The Day

Stonington residents tackle short-term rentals and parking


Stonington — Residents at Monday’s town meeting debated two proposals designed to address tourism-related issues.

The first, a proposal to establish a short-term rental ordinance is scheduled for a March 13 referendum, while residents voted 71-65 on Monday to reject an updated traffic ordinance that would have increased fines and allowed the town to install parking meters.

“Mystic is a victim of its own success,” said Robert O’Shaughness­y, chairman of the Board of Police Commission­ers. He said that the growth and popularity of the town have led to parking problems and the proposed traffic amendment sought to offer solutions.

The amendment had called for increasing fines for parking violations from $25 to $50 and was designed to address a parking issue often found along North Stonington Road near Clyde’s Cider Mill by expanding the police department’s authority to ticket cars parked in the town’s right-of-way.

It would also have allowed the Board of Police Commission­ers to authorize parking meters in town, set the cost and time limits for meters, and control the hours during which drivers would need to use them.

Many residents conflated the proposed amendment with concurrent efforts by Groton and Stonington to jointly address parking and traffic congestion issues in downtown Mystic.

Matthew Bedoin, resident and owner of Mystic Knotworks, said residents should think of the parking meters as a way to fund developmen­t of future, larger projects such as shuttles and water taxis to reduce the traffic issues in downtown Mystic.

“I stand in favor of the parking ordinance, but hesitantly. I don’t like the idea of meters. I don’t like these things, but I also know that traffic in downtown Mystic is becoming a challenge and has been a challenge,” he said.

Other residents denied there are traffic and parking problems on the Stonington side of downtown.

Resident Chris Regan said he was “lukewarm” on the amendment and that the town should not be voting on meters.

“My feeling, in regard to Stonington, is why are we solving Groton’s problem? Groton is the one that basically is approving a lot of projects that don’t have parking. We have the parking on the Stonington side,” he said.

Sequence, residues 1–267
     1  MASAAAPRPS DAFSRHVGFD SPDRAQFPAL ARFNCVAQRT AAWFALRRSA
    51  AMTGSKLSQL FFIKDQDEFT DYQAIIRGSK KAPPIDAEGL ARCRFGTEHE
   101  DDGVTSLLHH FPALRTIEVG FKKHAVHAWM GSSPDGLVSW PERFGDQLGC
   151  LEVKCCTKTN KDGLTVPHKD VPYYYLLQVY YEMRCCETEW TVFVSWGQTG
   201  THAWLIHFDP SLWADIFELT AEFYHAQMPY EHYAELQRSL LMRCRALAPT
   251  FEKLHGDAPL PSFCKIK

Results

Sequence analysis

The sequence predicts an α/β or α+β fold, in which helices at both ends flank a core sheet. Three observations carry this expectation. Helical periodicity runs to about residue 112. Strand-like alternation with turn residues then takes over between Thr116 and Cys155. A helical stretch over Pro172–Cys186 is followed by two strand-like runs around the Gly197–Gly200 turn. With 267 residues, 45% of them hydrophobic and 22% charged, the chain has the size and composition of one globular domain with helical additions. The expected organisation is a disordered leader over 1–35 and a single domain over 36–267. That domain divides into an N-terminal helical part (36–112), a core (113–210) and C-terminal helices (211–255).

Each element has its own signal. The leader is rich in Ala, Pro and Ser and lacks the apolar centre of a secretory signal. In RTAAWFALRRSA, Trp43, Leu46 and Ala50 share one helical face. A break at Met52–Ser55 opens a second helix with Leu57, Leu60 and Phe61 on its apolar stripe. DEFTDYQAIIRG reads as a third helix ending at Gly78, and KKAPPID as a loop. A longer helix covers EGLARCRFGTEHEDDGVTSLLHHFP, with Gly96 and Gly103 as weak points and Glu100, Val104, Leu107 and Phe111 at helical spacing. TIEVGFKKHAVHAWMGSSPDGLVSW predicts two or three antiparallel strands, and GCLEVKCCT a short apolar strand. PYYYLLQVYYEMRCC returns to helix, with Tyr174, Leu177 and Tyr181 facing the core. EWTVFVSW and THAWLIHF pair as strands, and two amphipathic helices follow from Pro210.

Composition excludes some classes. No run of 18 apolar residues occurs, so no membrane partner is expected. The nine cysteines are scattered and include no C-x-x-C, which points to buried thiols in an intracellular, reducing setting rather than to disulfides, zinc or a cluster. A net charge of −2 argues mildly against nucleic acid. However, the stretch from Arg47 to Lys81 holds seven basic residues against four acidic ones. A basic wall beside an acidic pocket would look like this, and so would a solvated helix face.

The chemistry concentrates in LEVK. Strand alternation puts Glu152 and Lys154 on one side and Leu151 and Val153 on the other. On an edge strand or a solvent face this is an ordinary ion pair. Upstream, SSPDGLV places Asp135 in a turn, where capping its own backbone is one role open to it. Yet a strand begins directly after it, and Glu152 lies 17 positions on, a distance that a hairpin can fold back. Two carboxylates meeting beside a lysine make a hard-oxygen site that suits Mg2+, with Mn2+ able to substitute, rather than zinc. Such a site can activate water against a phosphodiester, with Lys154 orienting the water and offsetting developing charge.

Deputy Chief Todd Olson said on Tuesday that the Board of Police Commission­ers would discuss what steps to take next in light of the rejection.

Groton Town Manager John Burt said part of Groton’s plan had been to install meters, but with the rejection of them in Stonington, his the town will need to step back and consider what the vote means for Groton. He said he personally can’t see installing meters in only part of downtown Mystic.

The proposed short-term rental ordinance appeared on the agenda for discussion purposes only, and residents on both sides of regulating the rentals argued against it.

“I think nobody likes it, so maybe that’s a good thing,” said First Selectman Danielle Chesebroug­h.

She explained that the proposed ordinance, which would require owners to register their short-term rental property with the town, conform to safety regulation­s, provide informatio­n to renters on local noise and property use restrictio­ns as well as an explanatio­n of the town’s trash and recycling programs, was the result of resident input. The town held several public forums to get input from residents on the issue.

Town Attorney Jeffrey Londregan said the state has not passed any regulation­s regarding short-term rentals despite repeated efforts by interested groups. He said that legal ambiguitie­s create the possibilit­y that a more stringent ordinance would be challenged, which would be costly to the town.

“This area of the law is rather new to Connecticu­t; there are no real cases addressing short-term rentals, and ordinances and enforcemen­t of them, and what can and can’t be regulated,” he said adding, “it probably doesn’t go far enough for some people, while others probably think it goes too far.”

Resident Bryan Bentz urged people to vote against the ordinance at the referendum.

“I have spoken with a number of people in Mystic and other areas who have had problems with short-term rentals and the renters causing problems. My concern here is that this ordinance does nothing to address that. It’s a registrati­on process, and the downside of the registrati­on process is that if you don’t comply, in certain cases, you can lose the ability to get a permit and ever rent your property so I think it touches property rights in ways it should not,” he said.

Another resident, Paul Goetz said that renting has been going on in town for at least 150 years and is “part of the fabric of this community,”

“When you are not using your vacation home, you can rent it out so that vacation homes are not beyond the reach of ordinary people,” he said.

“There are whole communitie­s that are nothing but seasonal homes where nearly everyone rents,” he said, adding, “that’s the way that ordinary people are able to participat­e in Stonington.”

Others expressed that the ordinance did not go far enough and complained that it did nothing to address problems caused by short term rentals in town.

One resident said the opportunit­y to purchase a home for use as a short-term rental has driven up housing prices and is now pricing people out of the town.

Another said a registrati­on would give residents a way to address problems caused by renters.

Chesebroug­h said that she did not believe a new proposal would be developed if the proposed ordinance was rejected at the referendum.

“We won’t be taking this back up at least between now and next November. So for us, I can say this will be the final thing, but there may be future people who try and tackle this,” she said.

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